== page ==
Academy of Internet Finance (AIF), Zhejiang University
in partnership with
International Monetary Institute (IMI), Renmin University of China
The past year witnessed the sluggish recovery of world economy and increasing political risks across the globe, during which China has maintained an albeit moderate, evidently stabilizing economic growth. Admirable progress has been made in both the revolution of supply-side policies and the “Belt and Road initiative” along with strengthening cooperation amongst BRICS economies. Celebrating the trend, the third issue of its kind: East or West, Home is Best?—— Are banks becoming more global or local? is released.
The 2017 issue features the construction of a more compact Bank Internationalization Index (BII) as opposed to its preceding issues. Specifically, stock of overseas assets, performance of overseas operations and global layout, all of which are the main indicators of banks’ degree of internationalization, are selected for computing the primary BII. Indicators of less importance are integrated for computing a secondary index and further analysis.
While the preceding issues mainly focused on Global Systematically Important Banks (G-SIBs), the current issue also investigates Global Non Systematically Important Banks (G-NSIBs). With a global perspective and benchmarking global leaders, the report provides a comprehensive study of the internationalization of Chinese banks. It also contributes to the extant literature by analyzing the internationalization of banks at a global scale, exploring the causes and significance of bank internationalization, and eventually, offering constructive recommendations for banks’ internationalization strategies.
The 2017 report has drawn on data of 49 international banks, ranging from multinational banks with large scale of assets to medium or small-sized shareholding commercial banks at their initial attempts of overseas expansion. This corresponds to a wide continental coverage encompassing Europe, America, Asia as well as Africa. With such diversity, our dataset serves as a sound representative of global banks, hence the dynamics of BII is a good reflection of the bank internationalization development over the last decade.
Major Findings and Conclusions:
A snapshot of the BII dynamics:
Notes: The data in the figure is the average BII of 49 banks across the world.
The BII has been fluctuating within a 23~26 band over the last decade, trending downwards with the contagious dissemination and aftermath of the financial crisis around 2009 but started picking up since 2013, followed by a slowdown since 2015.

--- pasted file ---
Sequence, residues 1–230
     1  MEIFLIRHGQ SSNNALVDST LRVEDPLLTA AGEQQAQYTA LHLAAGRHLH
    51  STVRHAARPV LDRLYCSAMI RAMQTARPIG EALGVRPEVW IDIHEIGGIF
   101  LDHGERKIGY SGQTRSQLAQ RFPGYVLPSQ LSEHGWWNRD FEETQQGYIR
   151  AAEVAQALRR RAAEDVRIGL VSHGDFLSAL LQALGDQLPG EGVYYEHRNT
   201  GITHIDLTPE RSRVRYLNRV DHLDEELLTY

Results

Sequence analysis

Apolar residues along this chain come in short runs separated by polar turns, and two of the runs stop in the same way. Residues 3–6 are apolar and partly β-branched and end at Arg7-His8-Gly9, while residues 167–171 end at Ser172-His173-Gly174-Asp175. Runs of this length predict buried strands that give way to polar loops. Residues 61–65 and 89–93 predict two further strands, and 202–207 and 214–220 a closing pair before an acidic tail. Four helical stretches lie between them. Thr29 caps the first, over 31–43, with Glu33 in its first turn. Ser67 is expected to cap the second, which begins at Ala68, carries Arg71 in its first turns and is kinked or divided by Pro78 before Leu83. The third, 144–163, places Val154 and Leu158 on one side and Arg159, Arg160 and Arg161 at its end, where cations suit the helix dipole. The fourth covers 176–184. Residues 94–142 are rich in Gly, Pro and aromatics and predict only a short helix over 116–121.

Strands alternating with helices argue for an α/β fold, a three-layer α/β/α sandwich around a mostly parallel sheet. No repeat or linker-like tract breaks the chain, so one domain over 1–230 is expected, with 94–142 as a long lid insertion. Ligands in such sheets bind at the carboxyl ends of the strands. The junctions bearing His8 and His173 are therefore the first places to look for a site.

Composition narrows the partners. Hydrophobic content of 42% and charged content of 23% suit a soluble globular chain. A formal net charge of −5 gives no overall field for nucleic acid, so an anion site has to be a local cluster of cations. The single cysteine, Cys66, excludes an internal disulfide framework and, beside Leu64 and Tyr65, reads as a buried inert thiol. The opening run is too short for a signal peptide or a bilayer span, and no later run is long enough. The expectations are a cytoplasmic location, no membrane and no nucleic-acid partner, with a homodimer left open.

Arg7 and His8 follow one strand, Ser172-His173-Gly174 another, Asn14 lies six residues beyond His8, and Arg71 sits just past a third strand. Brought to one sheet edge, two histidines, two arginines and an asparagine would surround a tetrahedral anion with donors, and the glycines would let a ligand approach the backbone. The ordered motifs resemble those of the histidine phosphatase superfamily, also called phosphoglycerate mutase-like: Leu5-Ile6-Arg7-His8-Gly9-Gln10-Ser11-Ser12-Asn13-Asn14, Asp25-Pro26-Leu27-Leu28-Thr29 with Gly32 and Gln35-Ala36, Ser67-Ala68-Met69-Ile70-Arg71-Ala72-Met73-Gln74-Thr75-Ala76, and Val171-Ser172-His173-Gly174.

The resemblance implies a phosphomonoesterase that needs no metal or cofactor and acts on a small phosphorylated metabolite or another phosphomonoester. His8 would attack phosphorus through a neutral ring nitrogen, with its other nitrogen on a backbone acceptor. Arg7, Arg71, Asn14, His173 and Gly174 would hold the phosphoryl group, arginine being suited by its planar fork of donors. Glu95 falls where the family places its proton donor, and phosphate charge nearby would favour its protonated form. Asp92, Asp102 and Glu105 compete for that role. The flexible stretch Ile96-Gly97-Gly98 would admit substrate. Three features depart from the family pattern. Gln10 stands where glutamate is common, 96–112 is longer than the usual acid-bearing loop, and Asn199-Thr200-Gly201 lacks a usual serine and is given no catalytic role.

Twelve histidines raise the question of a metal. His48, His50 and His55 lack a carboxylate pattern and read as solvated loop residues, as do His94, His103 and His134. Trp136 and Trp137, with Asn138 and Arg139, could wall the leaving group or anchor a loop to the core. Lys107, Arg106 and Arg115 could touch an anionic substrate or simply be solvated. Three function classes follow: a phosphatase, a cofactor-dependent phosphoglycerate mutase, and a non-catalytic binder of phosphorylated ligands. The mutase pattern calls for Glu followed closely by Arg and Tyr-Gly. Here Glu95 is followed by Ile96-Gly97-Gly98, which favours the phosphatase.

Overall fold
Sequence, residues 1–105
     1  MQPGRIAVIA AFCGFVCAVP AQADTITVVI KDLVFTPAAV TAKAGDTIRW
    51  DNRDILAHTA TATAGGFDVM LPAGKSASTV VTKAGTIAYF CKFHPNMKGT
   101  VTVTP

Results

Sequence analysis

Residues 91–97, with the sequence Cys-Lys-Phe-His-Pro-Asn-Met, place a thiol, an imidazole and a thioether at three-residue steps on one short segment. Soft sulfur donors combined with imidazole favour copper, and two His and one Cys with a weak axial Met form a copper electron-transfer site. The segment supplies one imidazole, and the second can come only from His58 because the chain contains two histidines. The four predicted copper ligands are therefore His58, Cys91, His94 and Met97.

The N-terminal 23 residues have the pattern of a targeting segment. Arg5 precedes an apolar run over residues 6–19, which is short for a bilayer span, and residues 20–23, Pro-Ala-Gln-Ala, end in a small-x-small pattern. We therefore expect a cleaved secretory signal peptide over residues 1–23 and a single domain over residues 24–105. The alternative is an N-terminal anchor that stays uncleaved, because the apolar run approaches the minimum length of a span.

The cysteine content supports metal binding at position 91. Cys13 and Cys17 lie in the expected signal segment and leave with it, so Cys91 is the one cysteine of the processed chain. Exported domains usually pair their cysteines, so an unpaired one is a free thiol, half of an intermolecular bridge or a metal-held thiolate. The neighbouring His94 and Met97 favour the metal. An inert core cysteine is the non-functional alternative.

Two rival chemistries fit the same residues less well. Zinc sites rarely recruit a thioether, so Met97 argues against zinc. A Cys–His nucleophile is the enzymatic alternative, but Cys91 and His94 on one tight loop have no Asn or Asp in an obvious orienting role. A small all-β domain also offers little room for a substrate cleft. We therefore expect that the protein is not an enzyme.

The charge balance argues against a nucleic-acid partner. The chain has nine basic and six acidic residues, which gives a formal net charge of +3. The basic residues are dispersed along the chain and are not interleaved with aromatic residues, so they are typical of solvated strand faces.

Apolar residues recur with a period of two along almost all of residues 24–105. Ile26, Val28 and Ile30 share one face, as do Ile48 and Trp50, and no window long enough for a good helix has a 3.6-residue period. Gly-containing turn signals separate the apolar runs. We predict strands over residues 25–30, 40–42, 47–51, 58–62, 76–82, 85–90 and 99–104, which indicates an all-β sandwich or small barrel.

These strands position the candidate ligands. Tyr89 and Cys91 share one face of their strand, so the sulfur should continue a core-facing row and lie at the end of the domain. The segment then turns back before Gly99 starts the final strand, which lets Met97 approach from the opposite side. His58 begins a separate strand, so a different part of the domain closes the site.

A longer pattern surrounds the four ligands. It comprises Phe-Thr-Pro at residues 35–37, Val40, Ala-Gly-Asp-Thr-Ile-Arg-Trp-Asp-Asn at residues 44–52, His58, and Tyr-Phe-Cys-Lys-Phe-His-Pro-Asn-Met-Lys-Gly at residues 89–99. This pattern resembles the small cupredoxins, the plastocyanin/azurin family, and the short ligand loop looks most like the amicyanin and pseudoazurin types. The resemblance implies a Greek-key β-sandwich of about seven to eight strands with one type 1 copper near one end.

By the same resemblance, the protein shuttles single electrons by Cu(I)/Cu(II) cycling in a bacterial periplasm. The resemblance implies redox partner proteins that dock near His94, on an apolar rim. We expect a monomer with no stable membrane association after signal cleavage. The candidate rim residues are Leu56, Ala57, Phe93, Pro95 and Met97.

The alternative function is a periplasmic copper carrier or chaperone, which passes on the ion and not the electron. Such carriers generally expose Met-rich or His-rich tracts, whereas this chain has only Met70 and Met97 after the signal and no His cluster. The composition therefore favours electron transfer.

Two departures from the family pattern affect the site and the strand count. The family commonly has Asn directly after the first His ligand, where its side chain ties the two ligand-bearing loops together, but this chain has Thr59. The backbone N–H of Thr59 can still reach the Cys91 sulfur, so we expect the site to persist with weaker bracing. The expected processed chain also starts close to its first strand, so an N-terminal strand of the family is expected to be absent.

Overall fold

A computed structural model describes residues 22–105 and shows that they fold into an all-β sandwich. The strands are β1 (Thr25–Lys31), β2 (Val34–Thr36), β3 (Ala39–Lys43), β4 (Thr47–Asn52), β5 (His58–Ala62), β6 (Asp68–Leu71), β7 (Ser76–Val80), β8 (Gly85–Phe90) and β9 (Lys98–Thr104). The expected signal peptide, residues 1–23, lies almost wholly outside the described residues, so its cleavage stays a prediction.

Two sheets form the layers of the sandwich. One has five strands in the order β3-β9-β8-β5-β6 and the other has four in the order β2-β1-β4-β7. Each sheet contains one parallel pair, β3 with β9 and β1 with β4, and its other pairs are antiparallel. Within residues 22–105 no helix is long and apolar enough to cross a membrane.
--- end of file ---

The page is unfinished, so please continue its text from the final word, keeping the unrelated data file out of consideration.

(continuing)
In general, the high volatility and stunted growth of BII throughout the period might be attributed to the strategic contraction of globalization and the susceptibility of overseas operations in the event of adverse global shocks such as the global economic recessions over the recent years.
Banks from developed economies have maintained a stable and high level of internationalization. While developing economies have been catching up with remarkable achievements, the gap between the two is expected to remain large within the short horizon.
Comparison between developed and developing economies
The gap between developed and developing economies is evident, with the former almost quadrupling the latter on average, yet the gap has been narrowing year by year.
Notes: The blue bars in the figure stand for the average BII of banks from developed economies in 2016, the red bars stand for the average BII of banks from developing economies in 2016. The figure following the names of economies/districts/organizations in the vertical coordinates stands for the number of banks investigated in the BII system. China(4)stands for the 4 major state-owned commercial banks in China, China(10) stands for all the Chinese banks investigated in the BII system.
Amid the developed economies examined, European banks have performed the best while the disparity is less obvious among the developing economies with BRICS economies receiving a mean score of 10.38.